One seemingly obvious idea is to go back to the start, and show the war on the Transformers’ home planet, Cybertron.

Although sci-fi prequels often end badly, there is at least precedent in Transformers; IDW Publishing recently rebooted the Transformers comic in an ongoing series that chronicles the dawn of the war.

It’s also been the setting for a series of videogames and even a Netflix animated series this year, and, indeed, is the mooted subject of Cooley’s project.

But for my money, a Cybertron-set storyline couldn’t be better than the one told in IDW’s older comics continuity, which was revealed piecemeal over the course of a decade, by a writers such as John Barber and James Roberts.

Here, a corrupt Senate follows the religion of ‘Functionism’, where a robot’s alternate mode dictates their status. Megatron – one day leader of the ‘evil Decepticons’ – begins the story as a miner, a poet, and an intellectual, who writes screeds calling for equality.

Optimus Prime, at this point a small-time cop, is inspired by Megatron, and to cut a long story very short, the two join forces then fall out, but the notion of good guy Optimus looking up to bad guy Megatron is inspired.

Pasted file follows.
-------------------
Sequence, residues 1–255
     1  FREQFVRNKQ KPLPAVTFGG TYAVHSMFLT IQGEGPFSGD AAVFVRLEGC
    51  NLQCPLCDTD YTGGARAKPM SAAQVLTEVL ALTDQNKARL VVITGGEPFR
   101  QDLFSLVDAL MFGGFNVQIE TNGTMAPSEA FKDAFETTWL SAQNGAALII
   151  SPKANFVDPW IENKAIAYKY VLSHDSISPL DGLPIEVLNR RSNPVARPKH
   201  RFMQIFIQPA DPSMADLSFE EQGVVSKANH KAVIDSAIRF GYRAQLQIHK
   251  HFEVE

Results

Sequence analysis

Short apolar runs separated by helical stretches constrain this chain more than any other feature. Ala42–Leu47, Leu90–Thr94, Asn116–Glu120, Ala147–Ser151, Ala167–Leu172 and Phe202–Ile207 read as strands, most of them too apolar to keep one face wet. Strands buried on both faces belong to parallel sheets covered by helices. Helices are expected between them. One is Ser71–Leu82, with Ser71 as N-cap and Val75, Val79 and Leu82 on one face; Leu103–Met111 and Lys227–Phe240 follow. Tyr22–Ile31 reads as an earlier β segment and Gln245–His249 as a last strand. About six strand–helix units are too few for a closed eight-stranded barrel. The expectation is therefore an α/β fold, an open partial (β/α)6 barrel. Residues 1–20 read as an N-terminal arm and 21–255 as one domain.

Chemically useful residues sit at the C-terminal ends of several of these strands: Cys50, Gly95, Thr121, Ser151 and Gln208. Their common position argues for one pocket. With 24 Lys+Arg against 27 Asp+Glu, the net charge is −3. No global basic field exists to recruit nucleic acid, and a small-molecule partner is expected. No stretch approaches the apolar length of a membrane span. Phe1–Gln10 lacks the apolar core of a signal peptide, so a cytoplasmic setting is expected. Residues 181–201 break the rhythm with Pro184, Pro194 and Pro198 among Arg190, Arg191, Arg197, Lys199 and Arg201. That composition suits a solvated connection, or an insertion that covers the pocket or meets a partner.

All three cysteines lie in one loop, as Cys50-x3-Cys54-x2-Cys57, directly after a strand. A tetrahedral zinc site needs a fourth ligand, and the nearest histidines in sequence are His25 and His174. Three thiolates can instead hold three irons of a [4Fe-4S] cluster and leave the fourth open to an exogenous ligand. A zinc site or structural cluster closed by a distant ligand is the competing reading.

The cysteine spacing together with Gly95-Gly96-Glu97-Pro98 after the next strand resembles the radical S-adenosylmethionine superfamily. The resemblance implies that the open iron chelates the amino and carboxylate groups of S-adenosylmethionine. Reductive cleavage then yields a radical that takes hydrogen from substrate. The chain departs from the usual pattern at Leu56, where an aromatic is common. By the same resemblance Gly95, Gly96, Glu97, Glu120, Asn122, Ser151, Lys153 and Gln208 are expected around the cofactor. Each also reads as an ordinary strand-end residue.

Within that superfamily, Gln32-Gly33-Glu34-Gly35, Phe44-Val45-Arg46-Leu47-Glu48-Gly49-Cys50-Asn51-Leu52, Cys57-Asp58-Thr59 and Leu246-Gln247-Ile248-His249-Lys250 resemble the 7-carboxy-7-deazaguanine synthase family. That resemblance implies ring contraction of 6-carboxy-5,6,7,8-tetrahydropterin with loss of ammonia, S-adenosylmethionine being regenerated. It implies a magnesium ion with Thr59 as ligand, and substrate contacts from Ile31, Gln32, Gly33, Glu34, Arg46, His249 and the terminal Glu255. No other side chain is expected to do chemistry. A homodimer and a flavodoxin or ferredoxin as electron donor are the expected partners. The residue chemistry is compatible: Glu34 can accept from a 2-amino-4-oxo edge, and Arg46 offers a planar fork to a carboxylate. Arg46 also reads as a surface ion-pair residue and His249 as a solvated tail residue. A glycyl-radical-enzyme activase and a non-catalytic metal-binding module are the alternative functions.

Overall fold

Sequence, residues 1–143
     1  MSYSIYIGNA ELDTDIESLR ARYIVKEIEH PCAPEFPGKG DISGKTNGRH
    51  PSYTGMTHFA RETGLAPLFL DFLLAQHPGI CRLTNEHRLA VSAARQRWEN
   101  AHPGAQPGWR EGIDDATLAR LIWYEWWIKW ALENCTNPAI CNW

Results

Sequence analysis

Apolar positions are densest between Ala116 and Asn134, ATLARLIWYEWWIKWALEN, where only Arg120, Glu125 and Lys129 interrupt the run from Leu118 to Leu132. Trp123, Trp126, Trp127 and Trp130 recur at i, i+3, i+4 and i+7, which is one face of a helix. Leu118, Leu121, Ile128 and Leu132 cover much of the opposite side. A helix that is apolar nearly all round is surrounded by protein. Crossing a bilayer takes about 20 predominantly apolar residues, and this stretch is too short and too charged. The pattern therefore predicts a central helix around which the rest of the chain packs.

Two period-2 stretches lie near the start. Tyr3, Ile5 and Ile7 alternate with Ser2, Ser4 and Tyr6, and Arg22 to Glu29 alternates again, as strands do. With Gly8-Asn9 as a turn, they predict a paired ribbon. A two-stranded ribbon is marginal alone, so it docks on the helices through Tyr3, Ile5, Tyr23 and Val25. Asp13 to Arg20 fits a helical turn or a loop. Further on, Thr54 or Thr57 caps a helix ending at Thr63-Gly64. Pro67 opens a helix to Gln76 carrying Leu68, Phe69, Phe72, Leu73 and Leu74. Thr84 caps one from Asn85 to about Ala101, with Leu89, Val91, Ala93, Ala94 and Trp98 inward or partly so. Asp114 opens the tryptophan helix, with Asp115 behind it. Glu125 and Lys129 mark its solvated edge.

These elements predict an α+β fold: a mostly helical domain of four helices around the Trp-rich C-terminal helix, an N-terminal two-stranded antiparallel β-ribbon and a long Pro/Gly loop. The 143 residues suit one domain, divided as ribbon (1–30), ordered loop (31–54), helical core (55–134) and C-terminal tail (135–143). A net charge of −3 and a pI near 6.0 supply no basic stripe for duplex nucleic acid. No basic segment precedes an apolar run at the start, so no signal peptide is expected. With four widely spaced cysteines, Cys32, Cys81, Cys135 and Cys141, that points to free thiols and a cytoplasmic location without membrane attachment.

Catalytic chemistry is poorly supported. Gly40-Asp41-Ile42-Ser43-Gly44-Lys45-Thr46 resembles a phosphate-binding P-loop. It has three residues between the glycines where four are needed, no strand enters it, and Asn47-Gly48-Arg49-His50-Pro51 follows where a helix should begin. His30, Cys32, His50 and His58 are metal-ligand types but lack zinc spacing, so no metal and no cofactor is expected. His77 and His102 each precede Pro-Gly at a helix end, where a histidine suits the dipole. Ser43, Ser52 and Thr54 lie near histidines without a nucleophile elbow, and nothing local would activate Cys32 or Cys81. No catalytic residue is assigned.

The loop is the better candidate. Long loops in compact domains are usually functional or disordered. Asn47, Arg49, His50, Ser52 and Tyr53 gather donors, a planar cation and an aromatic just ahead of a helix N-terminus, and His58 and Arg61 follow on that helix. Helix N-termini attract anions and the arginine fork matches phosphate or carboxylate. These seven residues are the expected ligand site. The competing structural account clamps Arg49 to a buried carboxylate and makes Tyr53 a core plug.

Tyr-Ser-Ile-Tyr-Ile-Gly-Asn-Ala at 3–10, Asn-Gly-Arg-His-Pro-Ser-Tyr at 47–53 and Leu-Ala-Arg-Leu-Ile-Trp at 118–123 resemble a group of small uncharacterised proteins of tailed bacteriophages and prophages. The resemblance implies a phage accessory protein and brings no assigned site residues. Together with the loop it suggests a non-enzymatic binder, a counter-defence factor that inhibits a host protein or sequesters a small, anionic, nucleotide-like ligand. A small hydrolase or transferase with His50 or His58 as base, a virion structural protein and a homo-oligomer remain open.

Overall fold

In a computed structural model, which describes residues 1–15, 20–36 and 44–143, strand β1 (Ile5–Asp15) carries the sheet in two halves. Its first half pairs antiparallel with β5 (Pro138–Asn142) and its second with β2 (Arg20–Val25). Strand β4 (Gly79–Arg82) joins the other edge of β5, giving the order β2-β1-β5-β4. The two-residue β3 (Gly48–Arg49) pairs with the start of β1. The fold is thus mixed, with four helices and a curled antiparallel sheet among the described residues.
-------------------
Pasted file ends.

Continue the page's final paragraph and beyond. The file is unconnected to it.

The two here have a dynamic similar to Patrick Stewart and Ian McKellen in the X-Men films; ideological opposites with a deep respect for each other.

This version of Cybertron is also delightfully sci-fi, full of pseudo-technology and concepts that only make sense if your protagonists are robots that can change shape; there are assassination attempts, Mission: Impossible-style heists, high-speed chases through futuristic cities, and – of course – ultimately betrayal and war. And the whole idea behind it is filled with historical parallels, with the rise of the Decepticons mirroring the Soviet Revolution, and Megatron almost a Lenin-esque figure before his descent into murder and madness.

Hey, if Star Wars can get three films out of a hero turning into a villain, Transformers can get at least one.

If adapting a long-running arc is too much hassle, then the comics also offer a variety of done-in-one stories that can be turned into simpler solo films.

There are many such tales to choose from, including zombie Transformers, swarms of metal-eating cyber-insects, and aliens that feed on charisma.